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| p.1 #12 · Oystercatcher for critique |
you seem to like the "long", more pano format, but I am not sure you need to take off the top. And you might end up with a more standard aspect ratio, always cheaper to frame.
There are many, many different ideas about print resolution but there are many variables as well.
Type of paper: Glossy needs more sharpness, higher res. Matte is more forgiving. Canvas more painterly still, less detail preserved typically, can go lower res.
Subject: Portraits can often be low rez. Unless you want a detailed gritty look, lower res is fine. And for beauty and women's portraits, kids less detail is often better.
Landscapes are typically viewed with expectation of great DOF, high detail and need tons of resolution.
Architectural shots vary but often can be lower res as long as there is strong edge sharpening applied.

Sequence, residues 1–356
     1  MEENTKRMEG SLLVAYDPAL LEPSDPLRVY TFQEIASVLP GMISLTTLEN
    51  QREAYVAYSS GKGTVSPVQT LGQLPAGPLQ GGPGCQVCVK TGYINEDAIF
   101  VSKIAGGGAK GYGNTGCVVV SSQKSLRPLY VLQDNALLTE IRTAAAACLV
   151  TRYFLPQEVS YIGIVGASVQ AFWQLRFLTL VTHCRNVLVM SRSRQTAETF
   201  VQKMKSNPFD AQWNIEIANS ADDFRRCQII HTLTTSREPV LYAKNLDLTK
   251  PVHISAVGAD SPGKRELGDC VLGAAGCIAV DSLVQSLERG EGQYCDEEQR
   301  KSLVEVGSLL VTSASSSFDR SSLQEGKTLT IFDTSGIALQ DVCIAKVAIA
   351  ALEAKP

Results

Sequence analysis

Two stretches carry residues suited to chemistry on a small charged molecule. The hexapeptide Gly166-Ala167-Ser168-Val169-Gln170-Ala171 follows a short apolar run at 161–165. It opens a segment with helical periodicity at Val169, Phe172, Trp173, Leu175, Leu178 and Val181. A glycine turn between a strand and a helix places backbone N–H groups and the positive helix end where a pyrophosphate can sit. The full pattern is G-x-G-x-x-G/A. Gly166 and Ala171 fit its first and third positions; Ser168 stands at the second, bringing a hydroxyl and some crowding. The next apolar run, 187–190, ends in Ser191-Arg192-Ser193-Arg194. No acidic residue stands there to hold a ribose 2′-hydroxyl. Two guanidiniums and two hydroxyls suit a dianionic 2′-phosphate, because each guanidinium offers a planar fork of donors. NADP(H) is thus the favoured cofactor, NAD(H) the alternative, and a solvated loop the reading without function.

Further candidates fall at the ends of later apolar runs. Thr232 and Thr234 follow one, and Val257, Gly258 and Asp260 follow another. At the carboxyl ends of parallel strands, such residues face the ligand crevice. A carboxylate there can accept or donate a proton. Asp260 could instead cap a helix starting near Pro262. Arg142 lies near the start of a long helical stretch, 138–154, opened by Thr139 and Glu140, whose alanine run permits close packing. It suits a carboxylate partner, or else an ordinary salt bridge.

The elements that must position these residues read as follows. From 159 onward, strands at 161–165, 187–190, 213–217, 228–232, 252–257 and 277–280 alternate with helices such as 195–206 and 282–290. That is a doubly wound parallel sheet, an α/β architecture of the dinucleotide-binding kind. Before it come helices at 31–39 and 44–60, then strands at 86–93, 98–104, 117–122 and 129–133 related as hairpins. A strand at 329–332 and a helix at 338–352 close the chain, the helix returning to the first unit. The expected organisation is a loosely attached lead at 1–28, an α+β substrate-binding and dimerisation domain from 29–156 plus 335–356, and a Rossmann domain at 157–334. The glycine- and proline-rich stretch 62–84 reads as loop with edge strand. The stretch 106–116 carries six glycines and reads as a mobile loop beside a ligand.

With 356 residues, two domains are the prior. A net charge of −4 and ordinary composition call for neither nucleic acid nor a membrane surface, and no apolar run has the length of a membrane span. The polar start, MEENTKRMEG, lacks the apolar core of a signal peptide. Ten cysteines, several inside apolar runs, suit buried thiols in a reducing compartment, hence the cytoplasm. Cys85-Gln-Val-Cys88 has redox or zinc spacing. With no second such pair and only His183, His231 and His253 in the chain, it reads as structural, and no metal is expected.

Viewing distance: This is one place where people fret too much. While most of us and some of the general public will try to get as close to an image as possible, seeking out detail, especially with landscapes, in most situations photos will be viewed from a couple of feet away or more, further the larger the print. Closely viewed images need more res.
Where does this go? I print a lot of bird images at 12x18 on glossy papers. Well-captured images with excellent sharpness, detail often come off of a 200 pixel/inch file, uprezzed by the printer. Below 180 pixel/inch I would always uprez in PS first. I just did a 12x18 print from a heavily cropped capture, yielding a 6 MP file. After uprezzing my friends decided to get it. I thought it was a bit soft. My wife said no.
Yours? I would uprez. Probably shoot for 14" on the long edge. By personal satisfaction with the image is another variable. With good uprezzing, maybe a bit more on lustre.